David Bowie was a true artist who found a way of constantly re-inventing himself. His career, spanning over six decades, was ever changing and evolving. As one of the most influential artists ever he will not be forgotten, he leaves behind a legacy.
With 25 studio albums, 9 live albums, many collaborations, and over 100 singles under his belt, it would be impossible to pay tribute to them all.
So here are some of his notable works:
Space Oddity (1969)
The second studio album (originally titled David Bowie, then Man of Words/Man of Music), combined many different sounds and genres. Some say it was advanced for its time, mixing sounds of folk and psychedelic rock. The album was influenced by Bowie’s experimentation with mixed media, Tibetan Buddhism, acting and other eccentricities. Ultimately it paved way for songs like ‘Cygnet Committee’ and perhaps one of his most famous songs to this day, ‘Space Oddity’.
Hunky Dory (1971)
The fourth album from David Bowie brought singles such as ‘Changes’ and ‘Life on Mars’. It was the beginning of Bowie’s true rise to fame having just returned from America after being signed by RCA Records. TIME magazine has named it one of the 100 best albums of all time. Hunky Dory was truly one of the most pivotal albums in Bowie’s career.
The Rise and Fall of Ziggy Stardust and the Spiders from Mars (1972)
The immediate follow up album to Hunky Dory, The Rise and Fall… was the musical emergence of fictional rock star, Ziggy Stardust. The album is one for the history books, touching on themes of drugs, sexuality, rock ‘n’ roll to create a masterpiece. Well known singles include ‘Lady Stardust’, ‘Ziggy Stardust’ and ‘Suffragette City’.
Aladdin Sane (1973)
Inspired by his experience of touring America, in April 1973, Aladdin Sane was released. As seen on the album cover, with the famous red and blue lightning bolt painted on his face, a new “character” was born. As an evolution from Ziggy Stardust, Bowie calls Aladdin Sane “Ziggy goes to America.” Overall, it has sold an estimated 4.6 million copies worldwide. Notable singles include ‘The Jean Genie’ and the cover of The Rolling Stones‘ ‘Let’s Spend the Night Together’.
Diamond Dogs (1974)
By this time disco had taken over the airwaves, Diamond Dogs burst onto the scene as a total contrast to the genre. The album represented angst and chaos because thematically, the songs were about George Orwell‘s famous novel 1984. This was Bowie’s most political album and received mixed reviews. Single ‘Rebel Rebel’ however performed well on the charts.
Young Americans (1975)
During the mid-70s David Bowie’s fascination with R&B/soul music grew. This is evident throughout the album Young Americans making way for a single of the same title that encorporated rhythmic, soulful beats. The single ‘Fame’ would follow and was the first of his songs to reach #1 in North America. Bowie also covered The Beatles’ ‘Across the Universe’ with backing vocals and guitar provided by John Lennon himself.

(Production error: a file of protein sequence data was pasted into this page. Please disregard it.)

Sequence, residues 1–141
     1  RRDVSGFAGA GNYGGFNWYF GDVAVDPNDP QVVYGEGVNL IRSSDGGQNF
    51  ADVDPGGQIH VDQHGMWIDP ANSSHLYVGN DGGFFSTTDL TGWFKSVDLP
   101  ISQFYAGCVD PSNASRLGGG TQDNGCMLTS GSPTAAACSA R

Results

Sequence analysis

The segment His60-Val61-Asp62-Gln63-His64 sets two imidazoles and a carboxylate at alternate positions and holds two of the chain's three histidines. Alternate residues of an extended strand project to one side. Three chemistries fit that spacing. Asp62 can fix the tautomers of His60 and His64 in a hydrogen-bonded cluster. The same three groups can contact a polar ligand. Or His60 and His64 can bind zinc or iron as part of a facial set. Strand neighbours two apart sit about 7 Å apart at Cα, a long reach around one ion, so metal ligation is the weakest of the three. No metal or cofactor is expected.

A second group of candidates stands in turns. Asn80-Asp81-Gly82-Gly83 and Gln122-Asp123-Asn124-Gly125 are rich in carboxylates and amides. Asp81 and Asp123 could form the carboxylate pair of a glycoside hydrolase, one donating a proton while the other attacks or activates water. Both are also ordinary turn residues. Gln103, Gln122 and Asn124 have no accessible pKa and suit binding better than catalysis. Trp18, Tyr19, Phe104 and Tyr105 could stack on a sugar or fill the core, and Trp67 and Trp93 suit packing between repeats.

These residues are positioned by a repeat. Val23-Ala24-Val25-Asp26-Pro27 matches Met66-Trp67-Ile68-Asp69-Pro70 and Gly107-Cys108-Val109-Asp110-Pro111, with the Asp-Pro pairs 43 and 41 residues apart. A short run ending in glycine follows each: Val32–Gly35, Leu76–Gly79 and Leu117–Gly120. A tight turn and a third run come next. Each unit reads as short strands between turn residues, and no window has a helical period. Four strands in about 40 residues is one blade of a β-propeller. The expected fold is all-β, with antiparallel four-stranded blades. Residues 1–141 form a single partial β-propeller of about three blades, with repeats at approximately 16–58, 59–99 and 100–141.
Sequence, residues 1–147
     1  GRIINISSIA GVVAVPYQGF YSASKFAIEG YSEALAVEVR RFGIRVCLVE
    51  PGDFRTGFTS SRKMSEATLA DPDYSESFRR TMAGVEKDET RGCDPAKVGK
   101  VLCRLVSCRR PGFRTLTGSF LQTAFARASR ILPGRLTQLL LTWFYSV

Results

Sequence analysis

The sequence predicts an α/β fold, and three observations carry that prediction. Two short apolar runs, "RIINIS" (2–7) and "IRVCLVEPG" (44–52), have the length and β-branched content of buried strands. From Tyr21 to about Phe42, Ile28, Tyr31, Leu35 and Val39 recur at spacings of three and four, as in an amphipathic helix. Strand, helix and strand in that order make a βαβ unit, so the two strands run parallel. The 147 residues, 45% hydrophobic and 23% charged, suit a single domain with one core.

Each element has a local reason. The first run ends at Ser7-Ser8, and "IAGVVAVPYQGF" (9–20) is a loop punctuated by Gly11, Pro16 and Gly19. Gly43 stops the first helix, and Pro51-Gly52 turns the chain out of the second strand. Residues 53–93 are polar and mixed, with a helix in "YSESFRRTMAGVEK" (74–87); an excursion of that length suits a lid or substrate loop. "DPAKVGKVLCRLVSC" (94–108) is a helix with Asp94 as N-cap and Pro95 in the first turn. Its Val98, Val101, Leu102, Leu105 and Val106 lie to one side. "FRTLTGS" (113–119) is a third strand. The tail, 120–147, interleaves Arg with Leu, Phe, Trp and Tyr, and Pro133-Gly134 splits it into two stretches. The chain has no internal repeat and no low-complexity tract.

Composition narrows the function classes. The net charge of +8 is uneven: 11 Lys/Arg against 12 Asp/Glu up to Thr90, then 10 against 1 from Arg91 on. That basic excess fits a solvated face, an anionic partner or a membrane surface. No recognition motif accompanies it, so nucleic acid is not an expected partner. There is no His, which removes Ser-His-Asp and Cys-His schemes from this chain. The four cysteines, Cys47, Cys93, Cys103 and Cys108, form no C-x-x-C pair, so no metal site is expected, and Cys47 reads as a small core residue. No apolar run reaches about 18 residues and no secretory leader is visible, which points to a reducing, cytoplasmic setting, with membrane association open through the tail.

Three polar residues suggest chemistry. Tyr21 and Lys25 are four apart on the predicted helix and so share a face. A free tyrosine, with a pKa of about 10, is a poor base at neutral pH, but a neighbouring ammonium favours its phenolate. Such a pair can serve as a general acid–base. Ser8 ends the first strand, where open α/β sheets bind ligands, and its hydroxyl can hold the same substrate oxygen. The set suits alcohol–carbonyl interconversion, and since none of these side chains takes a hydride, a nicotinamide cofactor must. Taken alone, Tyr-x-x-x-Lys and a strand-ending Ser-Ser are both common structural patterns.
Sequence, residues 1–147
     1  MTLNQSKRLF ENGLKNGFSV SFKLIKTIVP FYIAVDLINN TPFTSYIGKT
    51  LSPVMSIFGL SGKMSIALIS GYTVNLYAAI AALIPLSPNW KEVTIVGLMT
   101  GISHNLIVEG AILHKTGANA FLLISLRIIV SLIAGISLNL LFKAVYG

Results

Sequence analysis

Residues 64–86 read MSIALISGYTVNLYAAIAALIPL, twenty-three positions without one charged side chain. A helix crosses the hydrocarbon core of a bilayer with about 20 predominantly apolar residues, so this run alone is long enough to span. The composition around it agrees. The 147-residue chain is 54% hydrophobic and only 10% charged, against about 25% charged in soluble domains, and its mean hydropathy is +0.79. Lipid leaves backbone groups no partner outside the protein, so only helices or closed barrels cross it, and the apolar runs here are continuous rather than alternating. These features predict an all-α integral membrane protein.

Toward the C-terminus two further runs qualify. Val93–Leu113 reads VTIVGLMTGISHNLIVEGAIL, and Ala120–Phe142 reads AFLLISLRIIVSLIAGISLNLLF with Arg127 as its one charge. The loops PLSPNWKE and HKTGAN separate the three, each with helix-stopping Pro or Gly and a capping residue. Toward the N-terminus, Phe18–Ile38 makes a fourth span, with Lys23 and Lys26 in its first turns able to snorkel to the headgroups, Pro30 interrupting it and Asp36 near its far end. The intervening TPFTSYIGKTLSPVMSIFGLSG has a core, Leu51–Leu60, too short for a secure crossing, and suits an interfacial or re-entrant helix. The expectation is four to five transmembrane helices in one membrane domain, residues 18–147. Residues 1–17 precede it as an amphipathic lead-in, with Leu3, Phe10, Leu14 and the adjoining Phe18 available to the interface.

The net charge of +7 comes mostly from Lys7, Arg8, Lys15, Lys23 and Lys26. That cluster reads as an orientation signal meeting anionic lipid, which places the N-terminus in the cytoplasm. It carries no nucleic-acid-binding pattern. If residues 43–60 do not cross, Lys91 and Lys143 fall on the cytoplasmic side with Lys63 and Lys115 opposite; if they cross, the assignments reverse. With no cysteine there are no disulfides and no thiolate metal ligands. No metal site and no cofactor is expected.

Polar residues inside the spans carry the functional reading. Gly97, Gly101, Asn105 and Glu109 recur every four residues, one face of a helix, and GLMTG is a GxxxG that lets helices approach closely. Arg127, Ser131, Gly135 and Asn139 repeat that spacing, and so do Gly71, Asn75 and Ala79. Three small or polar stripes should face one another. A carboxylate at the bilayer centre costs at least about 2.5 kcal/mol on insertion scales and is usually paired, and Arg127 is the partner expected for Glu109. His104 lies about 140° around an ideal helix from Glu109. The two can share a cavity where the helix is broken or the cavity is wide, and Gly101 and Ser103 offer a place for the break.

Scary Monsters (And Super Creeps) (1980)
This fourteenth studio album from Bowie kicked off a new decade with singles; ‘Ashes to Ashes’, ‘Scary Monsters (And Super Creeps)’ and ‘Fashion’. The album plays with more guitar synth and explores with a more commercial sound. Soon after, David Bowie would go on to record the song ‘Under Pressure’ with Queen, appearing on their 1982 album Hot Space.
Let’s Dance (1983)
At the height of David Bowie’s stardom, selling 7 million copies worldwide, this is his best-selling album. It featured pop hit ‘Modern Love’, Iggy Pop cover ‘China Girl’ and title track ‘Let’s Dance’. The album combined blues-rock with dance-y beats to create a hybrid sound that would achieve mainstream success. Bowie admits that after this album he ran out of creative momentum, with follow up albums coming up short.
Black Tie White Noise (1993)
In the late 80s, Bowie’s career started to suffer with not-so favourable reviews of a string of previous albums. After reaching #1 on the UK charts, Black Tie White Noise proved to be a refound success. The album is refreshing, using inspiration from his wedding to wife Iman as the foundation. Singles such as ‘Miracle Goodnight’ and ‘Jump They Say’ would launch Bowie into a new era of music.
This is Bowie’s twenty-fifth studio album released on his 69th birthday: January 8th, 2016. Unfortunately two days later would mark his tragic death. This album is being dubbed his ‘swan song’ to fans, his final piece of art. Blackstar is one of the most evolved Bowie albums, venturing far from his normal sound. It has been receiving universal acclaim among critics, marking a beautiful end to his legacy.
Rest in peace, David Bowie.